Our industry is aggressively converting to CAD/CAM technology. This seems to be very exciting and promising to the dental industry as a whole. Restorations that used to require many visits appear to require fewer. Those that were challenging or problematic appear to be easier. Where quality was difficult to achieve, accuracy now appears to be guaranteed. And what was expensive appears to be more affordable.
In some ways, all of these statements are true. CAD/CAM technology, like other digital technologies, is a wonderful advancement that enables us to do things we could not have previously imagined. Along with the benefits, however, it has its challenges.
Look at how our lives have changed in the last 30 years. Digital technology has made our lives so much easier . . . or has it? Prior to the 1980s, we used typewriters and ledgers for our bookkeeping and office management. Computers and word processing software promised to make these responsibilities easier and more cost-effective by eliminating the need for carbon paper and streamlining our office systems. And mostly, that promise turned out to be true: We no longer have to manually type all of our invoices and statements, and we can now compose letters, memos, and other documents without those clunky typewriters.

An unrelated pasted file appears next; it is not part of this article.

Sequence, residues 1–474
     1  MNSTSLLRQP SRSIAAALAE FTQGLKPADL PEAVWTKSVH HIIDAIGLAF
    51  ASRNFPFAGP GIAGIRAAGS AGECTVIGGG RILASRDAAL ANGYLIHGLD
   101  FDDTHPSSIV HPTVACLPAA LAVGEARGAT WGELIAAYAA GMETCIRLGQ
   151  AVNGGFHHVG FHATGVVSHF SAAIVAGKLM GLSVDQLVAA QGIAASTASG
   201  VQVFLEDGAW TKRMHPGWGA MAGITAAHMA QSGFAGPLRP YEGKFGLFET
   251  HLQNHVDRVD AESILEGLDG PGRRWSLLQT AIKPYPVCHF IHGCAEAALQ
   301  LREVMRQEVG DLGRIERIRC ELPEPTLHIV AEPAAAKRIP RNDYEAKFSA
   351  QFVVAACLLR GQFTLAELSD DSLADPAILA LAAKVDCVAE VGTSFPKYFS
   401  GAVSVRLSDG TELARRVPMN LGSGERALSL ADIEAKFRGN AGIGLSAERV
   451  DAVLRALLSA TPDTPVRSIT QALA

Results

Before computers, however, we did not have to worry about software crashes, viruses, hacking, data corruption, never-ending software upgrades, or the cost of new computers in an ever-changing world of technology. If you were to evaluate the time and cost of continually upgrading modern computer technology, you would be quite surprised about how much more time and money we pay for our present-day office management systems. In no way am I suggesting that we go back in time to pre-1980s technology, of course; I am just suggesting that we keep in mind the investments and responsibilities that are required for adapting to the digital age of dentistry.
Sourced through Scoop.it from: www.dentaleconomics.com
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